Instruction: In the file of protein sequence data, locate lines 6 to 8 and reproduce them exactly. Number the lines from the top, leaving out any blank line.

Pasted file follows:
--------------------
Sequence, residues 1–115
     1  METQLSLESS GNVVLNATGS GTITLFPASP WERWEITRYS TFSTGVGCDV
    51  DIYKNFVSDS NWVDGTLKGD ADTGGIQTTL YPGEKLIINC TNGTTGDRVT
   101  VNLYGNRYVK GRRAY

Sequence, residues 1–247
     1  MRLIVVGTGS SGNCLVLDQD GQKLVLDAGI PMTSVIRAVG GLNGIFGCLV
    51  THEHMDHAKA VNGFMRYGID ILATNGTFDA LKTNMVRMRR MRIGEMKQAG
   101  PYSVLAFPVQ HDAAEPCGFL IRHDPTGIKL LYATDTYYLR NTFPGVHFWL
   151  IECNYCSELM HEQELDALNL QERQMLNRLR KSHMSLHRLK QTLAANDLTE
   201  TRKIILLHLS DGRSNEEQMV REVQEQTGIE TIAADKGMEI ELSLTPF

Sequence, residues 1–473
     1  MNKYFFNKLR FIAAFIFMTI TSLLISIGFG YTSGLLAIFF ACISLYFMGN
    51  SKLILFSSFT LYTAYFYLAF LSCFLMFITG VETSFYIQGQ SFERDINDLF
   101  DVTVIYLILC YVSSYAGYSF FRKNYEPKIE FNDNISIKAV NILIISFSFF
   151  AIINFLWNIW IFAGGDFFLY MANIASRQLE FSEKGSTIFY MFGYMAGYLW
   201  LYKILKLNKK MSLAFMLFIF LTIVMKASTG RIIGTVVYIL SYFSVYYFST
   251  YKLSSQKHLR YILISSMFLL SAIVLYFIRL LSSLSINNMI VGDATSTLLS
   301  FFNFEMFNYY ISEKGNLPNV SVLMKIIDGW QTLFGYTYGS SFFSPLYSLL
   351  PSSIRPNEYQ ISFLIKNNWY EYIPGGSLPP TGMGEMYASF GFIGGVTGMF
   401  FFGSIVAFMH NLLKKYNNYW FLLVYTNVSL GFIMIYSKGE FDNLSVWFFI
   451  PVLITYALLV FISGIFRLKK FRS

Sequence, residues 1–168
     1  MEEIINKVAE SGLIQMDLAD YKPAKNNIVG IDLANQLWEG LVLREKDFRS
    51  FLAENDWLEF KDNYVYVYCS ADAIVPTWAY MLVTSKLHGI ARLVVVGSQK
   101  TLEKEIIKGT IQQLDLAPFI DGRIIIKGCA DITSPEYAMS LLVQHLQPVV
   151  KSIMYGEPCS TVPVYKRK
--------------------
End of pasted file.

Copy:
     1  MRLIVVGTGS SGNCLVLDQD GQKLVLDAGI PMTSVIRAVG GLNGIFGCLV
    51  THEHMDHAKA VNGFMRYGID ILATNGTFDA LKTNMVRMRR MRIGEMKQAG
   101  PYSVLAFPVQ HDAAEPCGFL IRHDPTGIKL LYATDTYYLR NTFPGVHFWL